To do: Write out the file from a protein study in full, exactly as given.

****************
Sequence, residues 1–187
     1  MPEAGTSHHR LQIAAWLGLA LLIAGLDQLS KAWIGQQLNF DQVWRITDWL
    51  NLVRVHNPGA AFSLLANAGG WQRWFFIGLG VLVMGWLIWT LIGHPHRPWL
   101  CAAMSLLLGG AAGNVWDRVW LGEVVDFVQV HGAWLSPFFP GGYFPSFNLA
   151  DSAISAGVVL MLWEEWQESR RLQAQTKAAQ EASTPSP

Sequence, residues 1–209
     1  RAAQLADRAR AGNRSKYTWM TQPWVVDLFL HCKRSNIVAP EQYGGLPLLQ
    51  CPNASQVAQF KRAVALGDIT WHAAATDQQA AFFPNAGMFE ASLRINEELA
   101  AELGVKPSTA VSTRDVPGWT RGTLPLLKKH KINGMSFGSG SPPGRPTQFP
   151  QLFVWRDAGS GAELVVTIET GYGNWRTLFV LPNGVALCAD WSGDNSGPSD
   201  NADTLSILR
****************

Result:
Sequence, residues 1–187
     1  MPEAGTSHHR LQIAAWLGLA LLIAGLDQLS KAWIGQQLNF DQVWRITDWL
    51  NLVRVHNPGA AFSLLANAGG WQRWFFIGLG VLVMGWLIWT LIGHPHRPWL
   101  CAAMSLLLGG AAGNVWDRVW LGEVVDFVQV HGAWLSPFFP GGYFPSFNLA
   151  DSAISAGVVL MLWEEWQESR RLQAQTKAAQ EASTPSP

Sequence, residues 1–209
     1  RAAQLADRAR AGNRSKYTWM TQPWVVDLFL HCKRSNIVAP EQYGGLPLLQ
    51  CPNASQVAQF KRAVALGDIT WHAAATDQQA AFFPNAGMFE ASLRINEELA
   101  AELGVKPSTA VSTRDVPGWT RGTLPLLKKH KINGMSFGSG SPPGRPTQFP
   151  QLFVWRDAGS GAELVVTIET GYGNWRTLFV LPNGVALCAD WSGDNSGPSD
   201  NADTLSILR